Plan to Limit Active Shooter Drills Dropped Following Outcry From Newtown Officials


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HARTFORD — Efforts to lower the required number of crisis response drills in schools were stripped from an education bill after facing strong opposition from Newtown officials.

Supporters of the provision, which reduced the drills from three to one per year, contend the emergency training exercises are traumatizing children. The proposal also prohibited “active shooter simulations” and “crouching and huddling by students” during school safety drills.

“What we’re trying to do is actually be responsive to the federal guidance on this where live shooter simulations in front of children we know are particularly traumatic and not necessarily impactful in promoting student and school safety,” State Rep. Jennifer Leeper, D-Fairfield, said during last week’s public hearing.

But Newtown Police Chief David Kullgren said the proposed restrictions would put lives at risk. Kullgren was one of the first officers on scene at Sandy Hook Elementary School where 20 first-graders and six school employees were shot and killed on Dec. 14, 2012.  The incident remains the deadliest shooting in Connecticut history and the deadliest elementary school shooting in U.S. history.

Kullgren said lockdown drills helped teachers and students perform that day, resulting in lives saved. 

“The actions of those teachers allowed my staff and I to focus on the emergency at hand and not to corral teachers and students who didn’t know what to do. I believe it would be irresponsible to put blanket limits on any board of education on how it trains its teachers and staff,” Kullgren said. “Communities are different from one to another, and grade levels are different from one to another. Any restriction on training will reduce the likelihood of survival.” 

The state Department of Education also raised concerns that the “broad changes” in mandated crisis response drills could jeopardize school safety. 

“Broadcasting that Connecticut schools do not prepare for gun violence in schools or other threats inside of school buildings is potentially very dangerous,” Education Commissioner Charlene Russell-Tucker.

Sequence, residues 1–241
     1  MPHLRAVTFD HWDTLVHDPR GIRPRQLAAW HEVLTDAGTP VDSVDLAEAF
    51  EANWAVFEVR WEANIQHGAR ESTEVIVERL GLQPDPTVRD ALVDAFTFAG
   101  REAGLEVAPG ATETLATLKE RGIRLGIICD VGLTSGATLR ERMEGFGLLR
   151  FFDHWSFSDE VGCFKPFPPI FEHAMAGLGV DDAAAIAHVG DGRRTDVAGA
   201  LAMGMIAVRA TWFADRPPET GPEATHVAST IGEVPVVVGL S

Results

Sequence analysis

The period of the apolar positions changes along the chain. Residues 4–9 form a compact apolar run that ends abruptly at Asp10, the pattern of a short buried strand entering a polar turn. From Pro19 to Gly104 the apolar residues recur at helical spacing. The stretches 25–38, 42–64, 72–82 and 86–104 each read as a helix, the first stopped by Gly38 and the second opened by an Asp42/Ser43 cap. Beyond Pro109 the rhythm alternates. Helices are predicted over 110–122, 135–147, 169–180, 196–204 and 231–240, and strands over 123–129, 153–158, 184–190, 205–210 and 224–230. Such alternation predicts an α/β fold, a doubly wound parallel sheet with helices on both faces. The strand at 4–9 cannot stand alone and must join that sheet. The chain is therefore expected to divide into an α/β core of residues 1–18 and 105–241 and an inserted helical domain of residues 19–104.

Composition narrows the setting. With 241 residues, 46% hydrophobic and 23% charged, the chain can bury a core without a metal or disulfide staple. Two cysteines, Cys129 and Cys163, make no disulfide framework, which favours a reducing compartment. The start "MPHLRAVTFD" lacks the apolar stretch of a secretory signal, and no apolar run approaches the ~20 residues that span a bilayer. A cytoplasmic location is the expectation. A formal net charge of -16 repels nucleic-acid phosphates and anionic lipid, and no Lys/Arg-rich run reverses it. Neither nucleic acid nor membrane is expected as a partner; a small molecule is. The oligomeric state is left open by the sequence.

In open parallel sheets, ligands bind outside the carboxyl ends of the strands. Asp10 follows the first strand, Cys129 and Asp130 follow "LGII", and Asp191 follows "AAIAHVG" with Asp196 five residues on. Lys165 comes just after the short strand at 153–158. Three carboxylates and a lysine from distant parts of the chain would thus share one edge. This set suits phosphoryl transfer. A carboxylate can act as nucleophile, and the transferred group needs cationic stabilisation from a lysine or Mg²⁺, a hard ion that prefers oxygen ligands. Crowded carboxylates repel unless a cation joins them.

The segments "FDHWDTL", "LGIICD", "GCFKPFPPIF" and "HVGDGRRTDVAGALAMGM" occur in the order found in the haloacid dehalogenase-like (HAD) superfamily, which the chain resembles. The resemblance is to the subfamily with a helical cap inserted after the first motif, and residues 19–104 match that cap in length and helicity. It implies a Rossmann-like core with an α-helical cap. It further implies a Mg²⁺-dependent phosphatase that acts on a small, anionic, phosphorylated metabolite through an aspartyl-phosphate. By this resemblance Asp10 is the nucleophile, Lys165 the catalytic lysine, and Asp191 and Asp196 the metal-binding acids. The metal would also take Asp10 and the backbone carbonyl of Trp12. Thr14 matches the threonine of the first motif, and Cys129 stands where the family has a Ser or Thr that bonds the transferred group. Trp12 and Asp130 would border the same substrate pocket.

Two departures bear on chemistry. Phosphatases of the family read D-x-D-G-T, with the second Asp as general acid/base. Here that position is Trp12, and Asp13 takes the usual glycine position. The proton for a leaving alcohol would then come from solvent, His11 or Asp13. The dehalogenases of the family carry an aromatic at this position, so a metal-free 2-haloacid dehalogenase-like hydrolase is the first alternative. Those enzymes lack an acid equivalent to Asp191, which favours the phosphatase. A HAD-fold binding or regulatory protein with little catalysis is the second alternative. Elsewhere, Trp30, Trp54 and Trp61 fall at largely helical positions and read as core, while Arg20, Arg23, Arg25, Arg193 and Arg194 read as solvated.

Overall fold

Leeper said the proposal balances school safety with student well-being, and that districts are not prevented from conducting additional safety drills in their schools.  

“Currently what we have on the books now is a two-sentence statute about how we prepare for emergencies, and we’re trying to actually be more thoughtful and strategic about how we do that,” she said. “I feel it’s unfortunate this language has been interpreted to reduce our districts’ and communities’ and law enforcement’s ability to respond to these horrific emergencies.” 

Last year, the state directed the Department of Emergency Services and Public Protection to conduct a study of the effectiveness of crisis response drills in public schools and their impact on children’s mental health. The results are expected by the end of the school year.  

State Rep. Mitch Bolinsky, R-Newtown, said it was premature to change the nature and frequency of crisis response drills in schools before the mandated study is completed. He lamented that Newtown officials were not consulted about the legislation of which he had “grave concerns.”

“I come from a place that has experienced something that no town in the world should ever have to experience. I have a higher responsibility to not take chances with the lives of children.  This proposal takes chances with the lives of children,” he said.  

A similar attempt to limit the number of state-mandated school safety drills failed last year as well.

In a statement posted on his legislative website, Bolinksy praised the decision by the Education Committee leadership to strike the controversial provisions. 

“While I am very thankful to the committee that this proposal is off the table for the second time in two years, I’m very, very concerned about why it was here in the first place, how it reappeared so quietly, and the way it seemed to have been hidden in a large, unrelated committee bill,” he said. “I’d still like to know why the proponents seem so dedicated to taking these drills out of the hands of professional stakeholders who’ve worked for eleven-plus years on establishing the best-practices behind these drills.”